Based in a 3,000 square-foot laboratory at Presbyterian Research Health Park, Great Plains Microbiology is developing tests to prevent foodborne illnesses caused by salmonella and listeria.
In 2011, companies spent $3 billion on food testing for pathogens in the United States, and the price is expected to rise to $3.9 billion by 2017 as companies encounter heightened regulatory standards and testing costs, said Cyrus Zegrati, microbiologist and Great Plains CEO. He spoke at an Oklahoma Venture Forum luncheon on Wednesday.
Using technology developed to detect disease in humans, Great Plains has developed a fast and less expensive way for smaller companies to test for bacteria in food products.
The company has developed tests that allow food producers to look for a number of different types of causes of foodborne pathogens simultaneously, instead of more expensive and time-consuming individual tests.
The testing will allow smaller food producers greater access to sell their products to restaurant chains and large retailers such as Walmart, which require strict testing standards for foodborne pathogens, Zegrati said.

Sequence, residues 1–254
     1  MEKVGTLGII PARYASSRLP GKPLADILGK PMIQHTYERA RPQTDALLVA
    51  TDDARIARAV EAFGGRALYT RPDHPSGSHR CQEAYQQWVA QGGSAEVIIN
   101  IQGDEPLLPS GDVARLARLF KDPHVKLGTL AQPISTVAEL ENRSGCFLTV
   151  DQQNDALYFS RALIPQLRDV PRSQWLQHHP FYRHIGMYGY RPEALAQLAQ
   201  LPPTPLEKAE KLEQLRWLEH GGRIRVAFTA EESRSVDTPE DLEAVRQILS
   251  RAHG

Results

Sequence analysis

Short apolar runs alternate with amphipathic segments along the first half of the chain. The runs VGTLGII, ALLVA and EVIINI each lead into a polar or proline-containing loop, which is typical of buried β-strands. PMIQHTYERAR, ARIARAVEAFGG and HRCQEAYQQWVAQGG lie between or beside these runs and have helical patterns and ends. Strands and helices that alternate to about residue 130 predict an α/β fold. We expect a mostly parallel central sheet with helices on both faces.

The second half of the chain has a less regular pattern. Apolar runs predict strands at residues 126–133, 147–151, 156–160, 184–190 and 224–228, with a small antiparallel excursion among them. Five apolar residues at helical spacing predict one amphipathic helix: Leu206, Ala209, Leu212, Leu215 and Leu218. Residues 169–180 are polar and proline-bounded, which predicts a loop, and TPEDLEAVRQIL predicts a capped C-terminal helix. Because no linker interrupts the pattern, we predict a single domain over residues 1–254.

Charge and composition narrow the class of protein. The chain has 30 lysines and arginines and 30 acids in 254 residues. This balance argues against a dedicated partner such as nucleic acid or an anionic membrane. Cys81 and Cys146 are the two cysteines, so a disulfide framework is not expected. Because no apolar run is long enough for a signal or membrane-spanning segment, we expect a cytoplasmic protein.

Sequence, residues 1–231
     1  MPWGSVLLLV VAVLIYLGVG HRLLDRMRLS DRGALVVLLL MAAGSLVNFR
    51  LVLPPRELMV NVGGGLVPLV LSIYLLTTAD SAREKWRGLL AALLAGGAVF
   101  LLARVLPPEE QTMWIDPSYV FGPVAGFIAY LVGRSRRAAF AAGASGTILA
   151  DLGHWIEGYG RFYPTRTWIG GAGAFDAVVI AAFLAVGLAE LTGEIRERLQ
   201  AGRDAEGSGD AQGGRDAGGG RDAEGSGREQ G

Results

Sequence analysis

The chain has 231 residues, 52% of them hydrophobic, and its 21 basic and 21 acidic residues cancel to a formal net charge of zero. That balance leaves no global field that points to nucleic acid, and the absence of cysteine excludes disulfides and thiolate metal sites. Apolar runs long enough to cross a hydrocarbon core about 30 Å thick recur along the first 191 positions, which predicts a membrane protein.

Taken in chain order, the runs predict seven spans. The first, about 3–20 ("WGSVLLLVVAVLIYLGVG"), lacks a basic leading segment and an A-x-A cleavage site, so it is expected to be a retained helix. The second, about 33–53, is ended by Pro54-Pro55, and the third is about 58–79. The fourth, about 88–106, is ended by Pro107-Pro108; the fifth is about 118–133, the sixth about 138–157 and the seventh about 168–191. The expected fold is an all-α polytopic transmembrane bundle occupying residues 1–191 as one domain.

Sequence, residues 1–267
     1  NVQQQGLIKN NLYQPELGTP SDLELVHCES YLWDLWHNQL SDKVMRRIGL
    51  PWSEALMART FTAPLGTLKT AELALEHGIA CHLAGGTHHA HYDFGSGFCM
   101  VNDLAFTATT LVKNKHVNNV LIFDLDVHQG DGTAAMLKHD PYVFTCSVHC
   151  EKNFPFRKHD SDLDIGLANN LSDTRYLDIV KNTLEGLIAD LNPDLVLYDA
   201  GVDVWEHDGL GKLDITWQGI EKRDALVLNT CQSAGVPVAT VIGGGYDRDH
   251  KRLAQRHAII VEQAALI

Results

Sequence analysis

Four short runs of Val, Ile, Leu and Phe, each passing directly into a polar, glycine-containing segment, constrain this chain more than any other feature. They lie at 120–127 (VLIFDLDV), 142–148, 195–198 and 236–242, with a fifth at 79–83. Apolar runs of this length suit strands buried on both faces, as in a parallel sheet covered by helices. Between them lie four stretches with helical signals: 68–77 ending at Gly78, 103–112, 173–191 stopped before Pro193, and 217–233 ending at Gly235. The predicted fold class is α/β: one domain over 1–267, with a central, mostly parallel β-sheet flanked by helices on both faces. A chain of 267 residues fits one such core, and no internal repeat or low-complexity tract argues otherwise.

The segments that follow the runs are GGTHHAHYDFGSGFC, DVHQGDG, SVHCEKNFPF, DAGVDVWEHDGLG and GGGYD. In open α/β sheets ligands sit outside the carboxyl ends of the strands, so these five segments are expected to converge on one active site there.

“This will increase access for food producers, limit the liability and help protect consumers,” Zegrati said.
Great Plains is a recent participant in The Oklahoma SBIR Collaborative Resource, a program led by the nonprofit i2E Inc. and the Oklahoma Center for the Advancement of Science and Technology to increase federal Small Business Innovation Research grants in Oklahoma.
The program helped Zegrati write a proposal for a SBIR grant.
Great Plains hopes to make its new food testing technology available to companies in the first quarter of 2014 and hopes to boost its sales force by 2015 to aggressively seek out new food producers as potential customers for the Great Plains testing technology.
“We're going to go after those companies, and it's going to be fun,” Zegrati said.